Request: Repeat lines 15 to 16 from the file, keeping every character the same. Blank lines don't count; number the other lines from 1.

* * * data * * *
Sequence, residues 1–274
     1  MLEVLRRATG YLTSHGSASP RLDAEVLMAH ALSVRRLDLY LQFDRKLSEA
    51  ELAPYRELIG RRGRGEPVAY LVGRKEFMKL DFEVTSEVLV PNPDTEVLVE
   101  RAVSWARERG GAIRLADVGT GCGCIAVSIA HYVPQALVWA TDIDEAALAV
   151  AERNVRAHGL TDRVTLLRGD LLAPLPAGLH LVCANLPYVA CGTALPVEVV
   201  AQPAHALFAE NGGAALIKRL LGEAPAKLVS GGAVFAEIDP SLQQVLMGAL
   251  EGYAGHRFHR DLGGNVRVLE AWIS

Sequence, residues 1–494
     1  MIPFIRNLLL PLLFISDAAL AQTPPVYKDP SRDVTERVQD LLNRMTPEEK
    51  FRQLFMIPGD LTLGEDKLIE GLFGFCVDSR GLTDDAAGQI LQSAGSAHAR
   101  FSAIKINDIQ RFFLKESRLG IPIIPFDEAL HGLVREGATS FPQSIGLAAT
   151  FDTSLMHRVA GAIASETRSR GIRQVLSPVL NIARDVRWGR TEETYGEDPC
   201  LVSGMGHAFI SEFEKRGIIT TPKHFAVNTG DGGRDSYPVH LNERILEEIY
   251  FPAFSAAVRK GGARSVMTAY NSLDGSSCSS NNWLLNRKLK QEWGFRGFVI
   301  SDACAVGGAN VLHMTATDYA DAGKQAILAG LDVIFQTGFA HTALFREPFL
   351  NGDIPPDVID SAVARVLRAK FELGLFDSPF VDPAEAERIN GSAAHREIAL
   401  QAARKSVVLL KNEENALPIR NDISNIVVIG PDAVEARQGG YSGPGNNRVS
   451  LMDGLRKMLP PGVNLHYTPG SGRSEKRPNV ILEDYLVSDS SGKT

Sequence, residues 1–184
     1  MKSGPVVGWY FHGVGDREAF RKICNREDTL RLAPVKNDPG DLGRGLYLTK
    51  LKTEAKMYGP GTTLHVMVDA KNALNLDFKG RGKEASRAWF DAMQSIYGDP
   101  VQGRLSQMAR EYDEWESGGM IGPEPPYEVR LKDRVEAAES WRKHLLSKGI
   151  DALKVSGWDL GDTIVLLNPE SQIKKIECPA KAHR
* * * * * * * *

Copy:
   301  SDACAVGGAN VLHMTATDYA DAGKQAILAG LDVIFQTGFA HTALFREPFL
   351  NGDIPPDVID SAVARVLRAK FELGLFDSPF VDPAEAERIN GSAAHREIAL